John McLaughlin is one of the greatest improvisational guitarists of all time. I agree that artists are being ripped off. But I would mainly blame the record companies. When the transition was made from vinyl to CD’s, record companies said it would lower prices, but that never happened. Seriously, how much does it cost to manufacture a CD? Answer: 10 maybe 20 cents. Why are we paying $15 and more for this? For bands that tour constantly it makes sense to encourage music swapping. Dave Matthews, Allman Brothers, Grateful Dead, Gov’t Mule, etc, etc, have all benefitted from this policy. But John McLaughlin will be 70 soon and doesn’t perform that much anymore. Allowing bootleg recordings of his music does him no good. At this time he’s probably trying to live off his royalties and having a tough time of it. Anyway, if you never listened to John McLaughlin, you’re really missing something. Do him a favor and buy (don’t burn ) one of his CD’s.

tits September 29, 2011, 10:27:40

what a fag, diminishing returns got you down? go play your guitar ya fuckin douchebag

Jomama September 29, 2011, 17:03:50

Thanks for the listening suggestions! Great stuff. I know because I just dl’d them from the net. :^)>

old hippie October 3, 2011, 01:03:37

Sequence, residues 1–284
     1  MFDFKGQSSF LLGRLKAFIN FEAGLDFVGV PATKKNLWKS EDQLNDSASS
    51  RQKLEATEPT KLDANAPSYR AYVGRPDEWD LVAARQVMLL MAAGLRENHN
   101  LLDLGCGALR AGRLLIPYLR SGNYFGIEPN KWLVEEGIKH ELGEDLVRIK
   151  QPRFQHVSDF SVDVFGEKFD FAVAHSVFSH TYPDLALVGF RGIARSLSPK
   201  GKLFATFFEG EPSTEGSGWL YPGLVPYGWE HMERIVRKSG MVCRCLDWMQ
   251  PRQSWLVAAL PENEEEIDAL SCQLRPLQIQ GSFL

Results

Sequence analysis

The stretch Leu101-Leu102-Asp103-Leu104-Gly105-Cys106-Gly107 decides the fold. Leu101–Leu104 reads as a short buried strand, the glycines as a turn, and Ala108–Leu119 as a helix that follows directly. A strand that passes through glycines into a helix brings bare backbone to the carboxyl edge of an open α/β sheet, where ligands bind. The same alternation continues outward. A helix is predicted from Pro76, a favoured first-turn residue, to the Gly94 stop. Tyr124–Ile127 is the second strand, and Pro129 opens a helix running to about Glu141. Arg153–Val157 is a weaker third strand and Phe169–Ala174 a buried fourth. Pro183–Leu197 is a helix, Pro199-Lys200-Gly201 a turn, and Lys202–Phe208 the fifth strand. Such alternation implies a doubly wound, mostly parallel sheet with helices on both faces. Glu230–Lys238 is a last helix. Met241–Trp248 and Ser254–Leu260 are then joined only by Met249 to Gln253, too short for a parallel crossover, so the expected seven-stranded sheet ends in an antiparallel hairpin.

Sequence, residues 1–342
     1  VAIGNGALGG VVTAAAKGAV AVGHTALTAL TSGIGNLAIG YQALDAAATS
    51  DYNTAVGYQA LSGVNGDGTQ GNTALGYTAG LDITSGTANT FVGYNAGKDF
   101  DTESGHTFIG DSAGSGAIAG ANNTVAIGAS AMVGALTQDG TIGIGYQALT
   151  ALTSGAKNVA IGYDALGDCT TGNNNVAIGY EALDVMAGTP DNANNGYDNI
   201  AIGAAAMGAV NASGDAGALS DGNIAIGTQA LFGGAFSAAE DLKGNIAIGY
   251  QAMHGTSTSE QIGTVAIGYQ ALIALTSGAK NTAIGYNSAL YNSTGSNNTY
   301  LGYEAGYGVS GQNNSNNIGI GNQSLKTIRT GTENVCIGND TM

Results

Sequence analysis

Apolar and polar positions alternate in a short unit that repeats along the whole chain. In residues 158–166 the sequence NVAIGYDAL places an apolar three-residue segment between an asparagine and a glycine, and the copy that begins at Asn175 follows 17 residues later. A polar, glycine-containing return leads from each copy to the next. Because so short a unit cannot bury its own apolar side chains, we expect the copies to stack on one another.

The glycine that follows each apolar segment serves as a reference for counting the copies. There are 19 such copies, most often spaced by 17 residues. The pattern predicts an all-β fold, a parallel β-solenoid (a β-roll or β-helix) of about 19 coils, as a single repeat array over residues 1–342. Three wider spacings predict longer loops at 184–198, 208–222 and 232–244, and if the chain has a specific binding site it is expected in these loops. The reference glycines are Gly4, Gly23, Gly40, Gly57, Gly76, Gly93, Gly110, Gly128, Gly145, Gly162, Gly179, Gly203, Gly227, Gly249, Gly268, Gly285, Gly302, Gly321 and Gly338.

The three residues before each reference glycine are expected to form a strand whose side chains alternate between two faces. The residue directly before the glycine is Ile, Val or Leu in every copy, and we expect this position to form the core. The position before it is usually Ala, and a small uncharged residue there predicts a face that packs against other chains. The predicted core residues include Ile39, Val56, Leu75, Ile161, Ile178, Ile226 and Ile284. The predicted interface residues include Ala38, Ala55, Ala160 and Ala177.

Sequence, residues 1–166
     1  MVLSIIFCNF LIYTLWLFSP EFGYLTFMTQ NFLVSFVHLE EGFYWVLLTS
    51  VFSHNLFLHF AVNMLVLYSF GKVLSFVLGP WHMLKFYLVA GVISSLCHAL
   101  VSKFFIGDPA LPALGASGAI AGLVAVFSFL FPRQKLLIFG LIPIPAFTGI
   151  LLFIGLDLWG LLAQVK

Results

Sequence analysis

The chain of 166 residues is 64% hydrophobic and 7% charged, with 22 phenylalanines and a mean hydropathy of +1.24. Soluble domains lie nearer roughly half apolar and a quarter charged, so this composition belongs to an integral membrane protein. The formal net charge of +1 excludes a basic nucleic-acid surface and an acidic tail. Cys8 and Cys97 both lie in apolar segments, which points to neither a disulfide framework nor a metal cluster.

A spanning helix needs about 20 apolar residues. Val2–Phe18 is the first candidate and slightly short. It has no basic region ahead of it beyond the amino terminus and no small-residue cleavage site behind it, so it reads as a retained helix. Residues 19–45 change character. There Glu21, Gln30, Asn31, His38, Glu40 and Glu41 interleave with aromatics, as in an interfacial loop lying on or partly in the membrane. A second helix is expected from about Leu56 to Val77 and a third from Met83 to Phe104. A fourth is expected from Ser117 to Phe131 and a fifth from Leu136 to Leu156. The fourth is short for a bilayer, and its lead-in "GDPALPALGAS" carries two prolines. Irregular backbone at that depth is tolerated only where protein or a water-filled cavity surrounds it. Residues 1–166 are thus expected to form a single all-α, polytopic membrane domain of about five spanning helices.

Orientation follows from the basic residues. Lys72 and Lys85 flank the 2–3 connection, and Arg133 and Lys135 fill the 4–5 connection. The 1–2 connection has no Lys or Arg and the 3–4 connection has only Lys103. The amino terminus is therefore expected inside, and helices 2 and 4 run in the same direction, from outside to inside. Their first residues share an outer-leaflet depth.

musicians complain about diminishing returns on albums, yet fail to mention that at his heyday – Michael Jackson only got 19 cents PER ALBUM......that was after years of touring before he became ‘famous’....who is ripping off whom? My first Dead show in 1987 cost me 9 bucks for the ticket, and my last Furthur show cost me 65 bucks for a nosebleed seat, plus 35 bucks in ‘convenience fees’ and parking…60 bucks for a see-through tour shirt that lasted through one washing…maybe its time for the musicians to look at who is really ripping them off….Saw Tom Petty/Steve Winwood, and my $20 ticket ended up costing 75 bucks a piece!!! kill clearchannel, ticketbastard, and all their ilk – and see how much your paycheck increases…

old hippie October 3, 2011, 01:12:35

one more thing…..if I download an album off the internet from one of your ‘legal’ sites, and : (a) download it using the bandwidth I pay for (and is now becoming more and more limited, thanks to bitching by the internet providers) (b) have to burn to my own CD…which I pay a royalty tax on (just like on tapes – on the assumption I am taking away from the music industry) – on my own CD burner… (c) print out my own damn artwork/covers/liner notes on my own paper, with my own toner…. I do not expect to have to pay the same as someone who purchases your product in a jewel case with liner notes….

Jack-B-Nimble October 3, 2011, 14:36:28

I used to be sympathetic towards the musicians, then I saw a few episodes of MTV Cribs.